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IMAGES OF ARIZONA

March 3, 2011

 

Song: "Call of the Canyon" composed and sung by Dick Goodman.

 

•  Tonto Natural Bridge

•  Motorcycle Graveyard

•  Zane Grey cabin

•  Tonto National Monument

•  Turkey Vulture

•  Cotton Gin

•  Pima Cotton

•  Sunset & Yucca near Willcox

•  Next page

                                            •  Home

 

The Tonto Basin covers the main drainage of Tonto Creek and its tributaries in central Arizona, at the southwest of the Mogollon Rim, the higher elevation transition zone across central and eastern Arizona. Tonto Basin is mostly north-south trending and outflows into the Salt River (Arizona) at the extensive canyon reservoir called Theodore Roosevelt Lake. Arizona Route 188 traverses the lower Tonto Basin on the southwest side of Theodore Roosevelt Lake; it then merges at the water divide northeast of the Mazatzals, with State route 87 which proceeds to Payson and further to Kohl's Ranch and Christopher Creek at the basin headwaters at the foot of the Mogollon Rim. The Tonto Basin is Y-shaped at its headwaters. East are the Sierra Ancha range, part of the Mogollon Rim, and Tonto Creek draining from the northeast. West lies the Mazatzal Mountains and a ridgeline of hills on the north, the Limestone Hills on the south-side of the East Verde River; this is the water divide at the west of the Y-shape, a much shorter drainage basin, dwarfing the major upper Tonto Creek drainage. (Wikipedia)

 

The Mogollon Rim was not what I expected from reading Zane Grey's books but now I was seeing it from a car. All we could see without taking to the back roads were forests. One thing Grey described perfectly - the pine-scented, crisp air. Everything smelled clean, energized.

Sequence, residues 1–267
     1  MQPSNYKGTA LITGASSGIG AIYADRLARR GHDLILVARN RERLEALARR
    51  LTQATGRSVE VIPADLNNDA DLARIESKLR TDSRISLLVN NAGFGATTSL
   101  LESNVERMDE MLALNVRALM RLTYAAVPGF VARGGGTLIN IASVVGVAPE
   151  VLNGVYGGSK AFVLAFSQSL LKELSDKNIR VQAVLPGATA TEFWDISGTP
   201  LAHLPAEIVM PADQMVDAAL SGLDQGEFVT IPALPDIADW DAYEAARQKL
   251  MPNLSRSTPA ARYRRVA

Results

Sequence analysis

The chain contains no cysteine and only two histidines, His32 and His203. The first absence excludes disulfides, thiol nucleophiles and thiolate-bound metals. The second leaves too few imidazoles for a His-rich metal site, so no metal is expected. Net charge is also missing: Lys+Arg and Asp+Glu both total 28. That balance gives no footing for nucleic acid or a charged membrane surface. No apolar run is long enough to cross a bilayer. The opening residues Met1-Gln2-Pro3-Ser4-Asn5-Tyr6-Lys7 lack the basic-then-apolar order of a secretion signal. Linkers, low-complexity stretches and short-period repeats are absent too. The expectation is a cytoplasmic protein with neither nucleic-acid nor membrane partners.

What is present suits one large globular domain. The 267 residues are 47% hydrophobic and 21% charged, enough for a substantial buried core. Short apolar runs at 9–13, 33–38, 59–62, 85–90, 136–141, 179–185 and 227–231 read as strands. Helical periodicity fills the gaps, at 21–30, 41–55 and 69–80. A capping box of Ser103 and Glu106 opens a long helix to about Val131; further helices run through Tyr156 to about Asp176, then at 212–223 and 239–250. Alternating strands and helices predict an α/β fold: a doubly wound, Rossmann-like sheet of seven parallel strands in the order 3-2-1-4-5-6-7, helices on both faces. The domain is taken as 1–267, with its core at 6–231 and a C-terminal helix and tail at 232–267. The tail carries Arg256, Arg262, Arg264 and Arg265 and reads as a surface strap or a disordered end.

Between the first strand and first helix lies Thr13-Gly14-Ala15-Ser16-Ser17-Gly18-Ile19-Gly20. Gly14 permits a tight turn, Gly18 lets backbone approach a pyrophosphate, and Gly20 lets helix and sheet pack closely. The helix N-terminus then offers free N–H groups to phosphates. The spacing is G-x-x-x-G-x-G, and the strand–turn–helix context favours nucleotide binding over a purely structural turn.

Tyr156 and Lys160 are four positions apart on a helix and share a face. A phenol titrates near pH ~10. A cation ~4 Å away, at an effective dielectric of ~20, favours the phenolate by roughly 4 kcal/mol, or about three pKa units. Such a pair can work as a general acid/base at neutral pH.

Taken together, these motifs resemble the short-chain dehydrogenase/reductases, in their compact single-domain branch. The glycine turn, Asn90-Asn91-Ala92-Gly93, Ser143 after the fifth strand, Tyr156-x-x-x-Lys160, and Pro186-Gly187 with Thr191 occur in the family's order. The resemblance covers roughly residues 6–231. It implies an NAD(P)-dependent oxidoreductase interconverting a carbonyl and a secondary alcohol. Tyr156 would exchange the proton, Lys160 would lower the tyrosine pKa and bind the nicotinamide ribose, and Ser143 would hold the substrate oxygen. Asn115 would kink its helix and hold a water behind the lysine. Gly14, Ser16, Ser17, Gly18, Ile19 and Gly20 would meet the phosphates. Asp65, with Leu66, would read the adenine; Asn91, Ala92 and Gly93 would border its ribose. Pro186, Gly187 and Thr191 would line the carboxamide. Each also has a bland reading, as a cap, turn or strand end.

The Rim is an escarpment defining the southwestern edge of the Colorado Plateau, and along its central and most spectacular portions is characterized by high limestone and sandstone cliffs, namely the Kaibab Limestone and Coconino Sandstone. It was formed by erosion and faulting, and dramatic canyons have been cut into it, including Fossil Creek Canyon and Pine Canyon. Much of the land south of the Mogollon Rim lies 4000 to 5000 feet (1,200 to 1,500 meters) above sea level, with the escarpment rising to about 7,000 ft (2,100 m). Extensive Ponderosa Pine forests are found both on the slopes of the Rim and on the Arizona Plateau north of it. The Mogollon Rim is a major floristic and faunal boundary, with species characteristic of the Rocky Mountains living on the top of the plateau, and species native to the Mexican Sierra Madre Occidental on the slopes below and in the Madrean sky islands (high, isolated mountain ranges) further south. Cities and towns near the Mogollon Rim include Payson, Sedona, Show Low, and Alpine, Arizona. The Mogollon Rim is practically bisected by Interstate 17 which runs north-to-south between Flagstaff and Phoenix.

        The eastern portion of the Mogollon Rim was the site of Arizona's largest-known wildfire, during June 2002, the 470,000 acre (1,900 km) Rodeo-Chediski fire. The Mogollon Rim was also the site of the "Dude Fire" that started on June 25, 1990. This fire grew to cover over 30,000 acres (120 km2), and it killed six wildland firemen. Other large fires have burned along the Mogollon Rim since 1990, and the area's ponderosa pine forests remain vulnerable because of past fire-suppression efforts and the build-up of available dry fuel.

        The western novel author, Zane Grey, built a hunting cabin on the actual slopes of the Mogollon Rim just northeast of Payson, above Tonto Creek. This cabin was restored by the Phoenix, Ariz., air-conditioning magnate William Goettl during the late 1960s, but it was destroyed by the Dude Fire in 1990. The novel-writer Louis L'Amour's novel "The Sackett Brand" was also set in the area of the Mogollon Rim, with the cliffs of the Rim being specifically described. If one stands at certain points on the Mogollon Rim (Milk Ranch Point near Strawberry, Arizona, is one example) at sunset, there is a grand view on clear days for about 50 miles (80 km) in three directions, south, west, and east. Some or all of the sweeping landscape may well appear to be a purple hue as the sunlight fades

 

Name History / Pronunciation:

• The Spanish conquistadores named the area "Tonto", meaning "stupid" or "foolish", after the resident Apaches whose language frustrated them.

•  "Mogollon", named after Spanish governor of New Mexico (from 1712-1715), Juan Ignacio Flores Mogollón, was originally pronounced "Mō-gho-yōn" by the Spanish, but is now locally pronounced a variety of ways: Mō-gy-yun, Mō-gy-yōn, Muggy-ŏn.